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943"Of Dwarves and Men"

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  • F.S.
    Oct 28, 2006
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      It has long appeared to me that as printed in _The
      Peoples of Middle-earth_ (XII:295-320), the essay 'Of
      Dwarves and Men' is strangely circular in disposition.
      Christopher Tolkien notes that it 'takes up in the
      middle of a sentence in a passage discussing knowledge
      of the Common Speech' -- more specifically, discussing
      the Common Speech as a means for interspecial
      communication -- and the text ends (without a full
      stop) in the middle of a discussion of the Common
      Speech; more specifically, with a sentence on the
      Common Speech as a means for interspecial

      Furthermore, Christopher Tolkien points to a break in
      the essay where, after three and a half pages of
      manuscript, the typescript draft begins (XII:320 n.
      9). Naturally one wonders whether the manuscript pages
      were, in fact, originally the last pages of a draft
      version of the essay, moved to the beginning at some
      later time. (There could be a simple explanation to
      why this was done. Having coverered the topics of the
      Atani and their languages, the Drúedain, the
      Halflings, Faramir's 'Middle Men', and the lingua
      franca, Tolkien may have found himself returning to
      the Dwarves: 'the Dwarves however were a special
      case'. If this was so, then he may have decided that
      the sections on the Dwarves were better kept together
      and so moved the last pages. This would also explain
      why no subtitle 'I' appears [cf. XII:324 n. 34], if
      the essay having been so arranged never was retyped.)

      However, when queried about the original documents
      Christopher Tolkien kindly responded that the first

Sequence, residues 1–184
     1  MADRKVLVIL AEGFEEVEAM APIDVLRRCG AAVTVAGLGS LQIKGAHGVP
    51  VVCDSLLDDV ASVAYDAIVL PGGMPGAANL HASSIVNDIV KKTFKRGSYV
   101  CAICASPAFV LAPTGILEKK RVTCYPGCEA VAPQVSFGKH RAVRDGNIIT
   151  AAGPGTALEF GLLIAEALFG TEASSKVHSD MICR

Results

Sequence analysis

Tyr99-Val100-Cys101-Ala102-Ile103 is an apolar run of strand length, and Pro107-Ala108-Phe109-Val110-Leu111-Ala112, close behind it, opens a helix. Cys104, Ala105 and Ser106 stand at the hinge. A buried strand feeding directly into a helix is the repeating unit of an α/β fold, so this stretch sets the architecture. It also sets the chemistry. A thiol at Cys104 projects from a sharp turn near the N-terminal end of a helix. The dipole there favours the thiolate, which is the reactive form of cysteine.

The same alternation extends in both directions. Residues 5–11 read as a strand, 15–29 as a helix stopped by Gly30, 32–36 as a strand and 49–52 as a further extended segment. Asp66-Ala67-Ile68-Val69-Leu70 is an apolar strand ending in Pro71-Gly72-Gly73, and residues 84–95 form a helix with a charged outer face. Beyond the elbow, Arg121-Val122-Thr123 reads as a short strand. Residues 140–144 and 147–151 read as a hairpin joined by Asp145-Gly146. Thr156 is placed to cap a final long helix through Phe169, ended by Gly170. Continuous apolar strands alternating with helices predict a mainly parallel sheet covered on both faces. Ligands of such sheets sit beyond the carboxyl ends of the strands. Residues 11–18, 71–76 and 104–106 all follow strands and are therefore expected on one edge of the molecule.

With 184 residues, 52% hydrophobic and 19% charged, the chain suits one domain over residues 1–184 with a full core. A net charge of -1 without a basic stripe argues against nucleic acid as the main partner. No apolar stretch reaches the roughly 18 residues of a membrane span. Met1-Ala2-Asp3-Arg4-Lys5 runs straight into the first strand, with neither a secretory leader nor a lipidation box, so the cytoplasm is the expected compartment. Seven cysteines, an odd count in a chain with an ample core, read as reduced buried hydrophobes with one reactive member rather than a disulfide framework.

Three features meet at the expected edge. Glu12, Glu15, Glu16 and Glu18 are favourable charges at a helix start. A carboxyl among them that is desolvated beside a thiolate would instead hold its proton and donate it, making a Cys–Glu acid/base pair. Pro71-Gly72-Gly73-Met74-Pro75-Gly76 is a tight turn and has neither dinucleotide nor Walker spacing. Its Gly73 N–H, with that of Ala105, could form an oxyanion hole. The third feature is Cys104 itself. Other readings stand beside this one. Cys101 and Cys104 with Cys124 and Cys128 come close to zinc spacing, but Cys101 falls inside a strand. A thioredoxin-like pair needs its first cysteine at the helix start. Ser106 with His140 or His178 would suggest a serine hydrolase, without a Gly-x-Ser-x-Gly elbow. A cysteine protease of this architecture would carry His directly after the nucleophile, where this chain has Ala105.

typescript words (XII:298 line 2, 'Only occasionally
      ...') follow in the same line of text, so to speak, as
      the last manuscript words 'in the Fëanorian Script' in
      such a way as to show very clearly that the author
      simply laid down his pen at that point and turned to
      his typewriter.

      Nevertheless, I wonder whether more could be said on
      the matter. If the three and a half manuscript pages
      -- except, perhaps, for the last (few) sentence(s)? --
      originally comprised the end of the text, then the
      essay would have opened with a discussion of the use
      of runes in the Book of Mazarbul and on Balin's Tomb
      -- and this would agree with Tolkien's note on the
      covering page that the essay arose 'from consideration
      of the Book of Mazarbul' (XII:295).

      In my opinion the typescript part on Dwarven runes
      (XII:298-301), where several phrases were later struck
      out and corrected, definitely has the appearance of a
      rough draft, while the section that follows
      ('Relations of the Longbeard Dwarves and Men') seems
      more finished. One deleted note from the first part
      was taken up almost verbatim in the latter (see
      XII:300 n. 21 and cf. the last paragraph on XII:302).
      Perhaps the essay was pieced together of several
      separate texts, some of them rewritten from (partly)
      lost drafts, all written more or less at the same

      There is another curious fact about the essay as
      printed. After the section on the relations of the
      Longbeards and Men, ending with a paragraph on what
      came to pass in the Second Age (XII:304-5), there
      follows a paragraph on change in the language of the
      Eldar in Middle-earth (as opposed to that of the Eldar
      in Valinor), as seen by Elvish loremasters. This
      paragraph seems to have virtually nothing to do with
      what precedes it, and it is followed by a clear break
      (where later the subtitle 'The Atani and their
      Languages' was pencilled in). Could it be that the
      part on the Atani and their languages was once
      preceded by a text on the Elves and their languages,
      i.e. on Quenya and Sindarin, and that the stray
      paragraph is a remnant of this text? In any case I
      think it possible that Tolkien bundled together a text
      that he had written on the Atani with one or more
      texts on the Longbeard Dwarves to form an essay 'Of
      Dwarves and Men', but perhaps we will never know
      exactly which the constituent parts originally were.

      I note with interest though that the upcoming _J.R.R.
      Tolkien Companion and Guide_ by Hammond & Scull
      contains a section entitled 'Of Dwarves and Men'
      (http://bcn.net/~whammond/Guide topic list.doc).
      Perhaps we will find some answers there?

      /Fredrik Ström
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